Overall, the DD was rated positively by all participants and resulted in consensus of top-priority solutions for the community. All stakeholders responded positively to the inclusion of community tenants and deemed them essential to the process within the context of serving the targeted housing complex.

Given the diversity between potential public groups that may be involved as stakeholders, future research is warranted on public participation in DDs throughout diverse contexts and communities.


We are grateful for the support of the INSPIRE Core Working Group, the Steering Committee, Hamilton Public Health Services, and the participants of the deliberative dialogue. We gratefully acknowledge the contributions of Dr. Nancy Murray, the INSPIRE study research coordinator, who organized the planning, meetings, and data collection for the deliberative dialogue. This manuscript contains material pre-published in a master’s thesis, available at https://ir.lib.uwo.ca/etd/7362/.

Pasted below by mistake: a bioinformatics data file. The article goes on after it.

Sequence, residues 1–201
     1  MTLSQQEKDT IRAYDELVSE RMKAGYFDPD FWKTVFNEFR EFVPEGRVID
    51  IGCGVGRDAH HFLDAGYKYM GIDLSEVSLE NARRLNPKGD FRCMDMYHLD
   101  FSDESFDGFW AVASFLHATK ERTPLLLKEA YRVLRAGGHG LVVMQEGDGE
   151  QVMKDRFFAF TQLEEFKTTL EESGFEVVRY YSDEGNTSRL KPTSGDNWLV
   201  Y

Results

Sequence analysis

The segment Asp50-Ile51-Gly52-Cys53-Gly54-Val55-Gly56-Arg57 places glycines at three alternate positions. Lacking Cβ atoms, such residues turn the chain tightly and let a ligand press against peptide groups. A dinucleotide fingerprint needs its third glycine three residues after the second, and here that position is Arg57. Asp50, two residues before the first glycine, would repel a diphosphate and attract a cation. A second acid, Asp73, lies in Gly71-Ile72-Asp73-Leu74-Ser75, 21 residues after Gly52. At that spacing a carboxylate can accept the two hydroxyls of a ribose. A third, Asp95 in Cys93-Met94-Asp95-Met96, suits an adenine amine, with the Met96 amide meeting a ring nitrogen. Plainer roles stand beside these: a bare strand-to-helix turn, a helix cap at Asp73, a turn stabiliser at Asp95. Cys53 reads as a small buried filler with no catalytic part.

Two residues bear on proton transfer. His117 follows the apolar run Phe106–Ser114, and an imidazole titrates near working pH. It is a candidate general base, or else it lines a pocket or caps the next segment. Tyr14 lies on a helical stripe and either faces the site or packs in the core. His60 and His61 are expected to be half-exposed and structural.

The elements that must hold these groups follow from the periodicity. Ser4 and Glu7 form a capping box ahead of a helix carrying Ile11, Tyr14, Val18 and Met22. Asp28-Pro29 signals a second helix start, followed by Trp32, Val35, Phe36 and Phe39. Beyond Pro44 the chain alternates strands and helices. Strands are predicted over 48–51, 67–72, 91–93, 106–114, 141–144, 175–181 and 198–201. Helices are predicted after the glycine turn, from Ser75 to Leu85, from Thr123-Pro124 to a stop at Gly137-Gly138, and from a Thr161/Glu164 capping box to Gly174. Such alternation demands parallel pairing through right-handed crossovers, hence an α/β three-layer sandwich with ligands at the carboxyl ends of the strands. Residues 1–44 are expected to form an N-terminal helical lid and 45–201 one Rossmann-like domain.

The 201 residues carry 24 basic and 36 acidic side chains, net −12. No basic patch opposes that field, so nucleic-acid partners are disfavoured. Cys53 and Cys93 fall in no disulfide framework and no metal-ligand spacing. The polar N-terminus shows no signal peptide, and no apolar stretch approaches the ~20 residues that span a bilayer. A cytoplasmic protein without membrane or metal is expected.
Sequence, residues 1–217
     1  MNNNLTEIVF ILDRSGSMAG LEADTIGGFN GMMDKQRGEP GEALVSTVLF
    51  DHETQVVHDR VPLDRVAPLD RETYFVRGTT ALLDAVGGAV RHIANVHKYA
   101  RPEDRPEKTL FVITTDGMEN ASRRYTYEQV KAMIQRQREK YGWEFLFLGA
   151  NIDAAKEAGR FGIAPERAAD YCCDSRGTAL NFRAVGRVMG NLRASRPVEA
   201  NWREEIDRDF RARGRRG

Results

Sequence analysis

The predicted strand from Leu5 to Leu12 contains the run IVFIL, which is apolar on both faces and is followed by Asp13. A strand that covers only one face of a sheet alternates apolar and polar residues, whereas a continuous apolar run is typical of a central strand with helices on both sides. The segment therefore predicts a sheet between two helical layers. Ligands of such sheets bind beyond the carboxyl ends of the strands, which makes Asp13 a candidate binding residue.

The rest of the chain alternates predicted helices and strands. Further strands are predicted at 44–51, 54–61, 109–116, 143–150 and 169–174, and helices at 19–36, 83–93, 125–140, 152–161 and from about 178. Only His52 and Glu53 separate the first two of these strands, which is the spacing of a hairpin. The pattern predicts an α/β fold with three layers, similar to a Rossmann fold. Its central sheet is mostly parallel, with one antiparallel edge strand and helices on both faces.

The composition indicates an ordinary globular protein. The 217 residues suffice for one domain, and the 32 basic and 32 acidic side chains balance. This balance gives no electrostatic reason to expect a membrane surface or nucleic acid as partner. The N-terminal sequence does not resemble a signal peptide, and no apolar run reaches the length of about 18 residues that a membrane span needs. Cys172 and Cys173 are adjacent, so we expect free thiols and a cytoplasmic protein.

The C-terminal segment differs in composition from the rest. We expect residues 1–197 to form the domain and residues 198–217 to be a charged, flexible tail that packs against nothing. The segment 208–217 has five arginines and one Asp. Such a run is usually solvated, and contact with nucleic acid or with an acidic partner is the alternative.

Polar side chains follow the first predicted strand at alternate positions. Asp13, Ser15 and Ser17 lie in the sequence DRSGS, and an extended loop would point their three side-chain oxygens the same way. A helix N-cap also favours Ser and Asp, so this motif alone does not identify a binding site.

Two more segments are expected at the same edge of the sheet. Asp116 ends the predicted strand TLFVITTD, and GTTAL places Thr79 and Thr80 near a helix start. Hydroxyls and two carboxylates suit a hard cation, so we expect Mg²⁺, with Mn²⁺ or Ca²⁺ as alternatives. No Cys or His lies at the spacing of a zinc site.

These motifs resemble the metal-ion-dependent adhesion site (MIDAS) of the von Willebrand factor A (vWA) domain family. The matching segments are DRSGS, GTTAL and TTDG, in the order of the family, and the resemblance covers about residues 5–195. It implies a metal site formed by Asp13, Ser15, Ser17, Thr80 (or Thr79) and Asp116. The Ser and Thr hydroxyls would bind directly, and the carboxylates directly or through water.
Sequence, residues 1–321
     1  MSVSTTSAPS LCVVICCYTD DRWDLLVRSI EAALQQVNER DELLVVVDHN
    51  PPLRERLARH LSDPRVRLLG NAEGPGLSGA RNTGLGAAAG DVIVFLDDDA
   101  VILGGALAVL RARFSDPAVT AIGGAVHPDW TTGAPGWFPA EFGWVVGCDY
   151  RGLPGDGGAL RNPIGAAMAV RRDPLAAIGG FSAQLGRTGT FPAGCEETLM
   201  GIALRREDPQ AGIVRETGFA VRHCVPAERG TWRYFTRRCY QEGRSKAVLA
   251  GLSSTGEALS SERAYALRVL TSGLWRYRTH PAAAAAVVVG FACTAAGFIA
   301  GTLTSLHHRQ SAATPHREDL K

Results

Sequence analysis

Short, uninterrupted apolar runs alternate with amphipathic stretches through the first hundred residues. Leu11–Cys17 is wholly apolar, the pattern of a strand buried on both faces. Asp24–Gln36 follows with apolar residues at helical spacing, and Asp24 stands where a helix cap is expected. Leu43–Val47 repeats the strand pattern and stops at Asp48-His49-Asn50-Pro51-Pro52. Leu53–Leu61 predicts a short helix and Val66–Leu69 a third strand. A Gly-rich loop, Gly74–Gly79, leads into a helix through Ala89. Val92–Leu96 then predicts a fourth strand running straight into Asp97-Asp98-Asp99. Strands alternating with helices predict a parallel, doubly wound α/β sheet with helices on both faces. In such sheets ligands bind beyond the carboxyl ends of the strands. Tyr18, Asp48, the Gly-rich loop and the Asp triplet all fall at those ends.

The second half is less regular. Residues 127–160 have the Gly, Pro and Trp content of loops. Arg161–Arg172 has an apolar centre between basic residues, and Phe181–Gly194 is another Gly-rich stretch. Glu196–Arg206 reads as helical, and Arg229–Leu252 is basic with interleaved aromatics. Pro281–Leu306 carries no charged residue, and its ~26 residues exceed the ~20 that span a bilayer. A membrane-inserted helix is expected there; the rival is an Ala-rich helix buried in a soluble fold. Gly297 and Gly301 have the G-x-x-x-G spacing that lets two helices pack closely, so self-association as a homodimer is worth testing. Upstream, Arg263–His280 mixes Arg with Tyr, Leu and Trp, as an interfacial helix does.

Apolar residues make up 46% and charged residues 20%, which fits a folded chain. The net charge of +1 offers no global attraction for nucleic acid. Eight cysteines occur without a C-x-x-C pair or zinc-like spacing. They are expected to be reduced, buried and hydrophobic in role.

Ethical issues

This research has been approved by Western University Non-Medical Research Ethics Board (113809) and the Hamilton Integrated Research Ethics Board (4631). Written informed consent was obtained by all members of the CWG and Steering Committee and all participants in the DD and FGs.

Competing interests

Authors declare that they have no competing interests.

Authors’ contributions

AK, RV, and RG contributed to the conception and design of this study and collected data along with TS. AK, RG, TS, and SLS contributed substantially to the analysis and interpretation of data and all authors contributed to drafting and critical revision of the manuscript.

Supplementary files

Supplementary file 1. Description of Case Study Context.

Supplementary file 2. Deliberative Dialogue Agenda.

Supplementary file 3. Excerpt of Participant Survey.


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  • epublished Author Accepted Version: February 5, 2022
  • epublished Final Version: February 28, 2022
Volume 11, Issue 11
November 2022
Pages 2638-2650
  • Receive Date: 30 June 2021
  • Revise Date: 23 September 2021
  • Accept Date: 02 February 2022
  • First Publish Date: 05 February 2022